John B. Calhoun's famous rodent habitat studies documented that even while providing all requirements for a population, stress (which he induced through overcrowding) will always lead to extinction, with notable exhibition of bizarre and self-defeating behaviors along the way, and especially towards the end of the habitat's cycle. As modern living, and in particular the looming climate crisis, create ever greater stress in our own habitat, consideration of whether Calhoun's findings apply to our current situation may well be in order. A few articles are listed below. More at https://johnbcalhoun.com
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In pioneering rat research, a warning for human society
He designed elaborate colonies for the creatures that became a kind of paradise, free of predators and disease, with an unlimited supply of food. But paradise soon became a crowded hell, and that's why his work half a century ago has had such a profound impact on our understanding of humans. Calhoun, a research psychologist at the National Institute of Mental Health for 40 years, discovered that severe crowding produced horrific behavioural changes among animals. The changes were so profound that social order broke down, and ultimately the entire rodent population collapsed. His findings led to the concept of the "behavioural sink" and suggested that evolution had given animals, perhaps including humans, an innate and irreversible self-destruct button to prevent a species from overpopulating its habitat ... A 1962 edition of Scientific American on the early results of his experiments became one of the most widely cited papers in psychology.
The urban animal: population density and social pathology in rodents and humans
Calhoun placed several rats in a laboratory in a converted barn where - protected from disease and predation and supplied with food, water and bedding - they bred rapidly. The one thing they were lacking was space ... Unwanted social contact occurred with increasing frequency, leading to increased stress and aggression. Following the work of the physiologist, Hans Selye, it seemed that the adrenal system offered the standard binary solution: fight or flight. But in the sealed enclosure, flight was impossible. Violence quickly spiralled out of control ... Their numbers fell into terminal decline and the population tailed off to extinction ... At the experiments’ end, the only animals still alive had survived at an immense psychological cost: asexual and utterly withdrawn, they clustered in a vacant huddled mass. Even when reintroduced to normal rodent communities, these “socially autistic” animals remained isolated until death. In the words of one of Calhoun’s collaborators, rodent “utopia” had descended into “hell”.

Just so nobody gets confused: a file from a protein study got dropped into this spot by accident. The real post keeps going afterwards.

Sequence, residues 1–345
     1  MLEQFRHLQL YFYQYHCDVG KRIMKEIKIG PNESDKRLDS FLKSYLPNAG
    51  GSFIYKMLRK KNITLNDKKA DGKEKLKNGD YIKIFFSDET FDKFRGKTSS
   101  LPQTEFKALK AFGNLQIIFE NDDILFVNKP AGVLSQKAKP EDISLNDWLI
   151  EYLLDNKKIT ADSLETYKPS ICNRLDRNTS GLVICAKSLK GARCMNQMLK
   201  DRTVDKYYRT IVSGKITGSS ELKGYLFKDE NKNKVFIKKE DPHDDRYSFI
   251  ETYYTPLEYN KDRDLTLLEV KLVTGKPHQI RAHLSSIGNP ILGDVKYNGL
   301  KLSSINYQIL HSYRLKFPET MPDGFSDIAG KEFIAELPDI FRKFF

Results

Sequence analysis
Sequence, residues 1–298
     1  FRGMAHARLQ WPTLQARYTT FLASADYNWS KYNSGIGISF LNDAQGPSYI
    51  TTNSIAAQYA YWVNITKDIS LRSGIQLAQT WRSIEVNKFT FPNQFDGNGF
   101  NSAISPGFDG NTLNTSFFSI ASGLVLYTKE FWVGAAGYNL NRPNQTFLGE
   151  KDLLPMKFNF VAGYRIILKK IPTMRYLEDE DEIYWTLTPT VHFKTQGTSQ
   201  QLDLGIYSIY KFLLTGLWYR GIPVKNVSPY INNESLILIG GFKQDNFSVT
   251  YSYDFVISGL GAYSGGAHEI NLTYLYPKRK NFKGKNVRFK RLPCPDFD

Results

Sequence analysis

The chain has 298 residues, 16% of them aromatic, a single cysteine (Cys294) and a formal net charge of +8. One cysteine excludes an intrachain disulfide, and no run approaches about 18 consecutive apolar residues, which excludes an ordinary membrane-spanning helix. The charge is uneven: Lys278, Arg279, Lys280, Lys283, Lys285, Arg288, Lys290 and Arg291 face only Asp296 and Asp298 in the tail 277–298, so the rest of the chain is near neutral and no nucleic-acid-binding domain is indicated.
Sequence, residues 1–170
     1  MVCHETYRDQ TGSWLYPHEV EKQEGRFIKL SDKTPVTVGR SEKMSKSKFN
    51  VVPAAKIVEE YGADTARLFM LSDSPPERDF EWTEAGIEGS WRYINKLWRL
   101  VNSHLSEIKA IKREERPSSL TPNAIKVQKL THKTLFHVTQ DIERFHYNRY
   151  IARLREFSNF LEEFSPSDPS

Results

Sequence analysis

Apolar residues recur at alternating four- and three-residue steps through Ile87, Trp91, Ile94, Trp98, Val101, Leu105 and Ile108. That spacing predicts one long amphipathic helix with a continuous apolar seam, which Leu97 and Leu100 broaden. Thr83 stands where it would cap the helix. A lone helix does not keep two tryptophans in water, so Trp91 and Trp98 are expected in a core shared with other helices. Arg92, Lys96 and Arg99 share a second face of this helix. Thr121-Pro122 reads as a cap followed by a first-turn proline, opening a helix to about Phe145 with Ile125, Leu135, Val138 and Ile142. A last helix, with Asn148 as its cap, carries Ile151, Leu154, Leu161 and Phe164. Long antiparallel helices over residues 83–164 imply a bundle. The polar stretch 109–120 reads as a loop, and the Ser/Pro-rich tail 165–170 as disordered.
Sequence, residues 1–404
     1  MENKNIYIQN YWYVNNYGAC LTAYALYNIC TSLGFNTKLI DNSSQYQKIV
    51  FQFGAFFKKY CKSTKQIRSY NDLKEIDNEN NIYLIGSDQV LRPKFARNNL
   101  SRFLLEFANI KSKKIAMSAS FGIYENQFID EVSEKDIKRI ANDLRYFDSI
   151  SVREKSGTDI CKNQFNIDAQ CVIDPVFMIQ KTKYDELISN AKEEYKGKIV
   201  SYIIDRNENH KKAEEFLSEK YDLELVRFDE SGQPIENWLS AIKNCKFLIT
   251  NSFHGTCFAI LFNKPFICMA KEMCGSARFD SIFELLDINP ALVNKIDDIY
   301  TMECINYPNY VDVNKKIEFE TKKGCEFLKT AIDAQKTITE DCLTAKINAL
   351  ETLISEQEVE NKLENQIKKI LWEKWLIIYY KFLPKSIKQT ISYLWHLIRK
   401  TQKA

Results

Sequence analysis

Death Squared: The Explosive Growth and Demise of a Mouse Population by John B Calhoun MD
Proceedings of the Royal Society of Medicine Volume 66 January 1973
John Calhoun's presentation on Universe 25 (one of his last) and what this might mean for humans. "For an animal so simple as a mouse, the most complex behaviours involve the interrelated set of courtship, maternal care, territorial defence and hierarchical intragroup and intergroup social organization. When behaviours related to these functions fail to mature, there is no development of social organization and no reproduction. As in the case of my study reported above, all members of the population will age and eventually die. The species will die out. For an animal so complex as man, there is no logical reason why a comparable sequence of events should not also lead to species extinction."
"It is difficult to get a man to understand something, when his salary depends on his not understanding it." (Upton Sinclair)
However, "The good thing about science is that it's true whether or not you believe in it." (Neil deGrasse Tyson)
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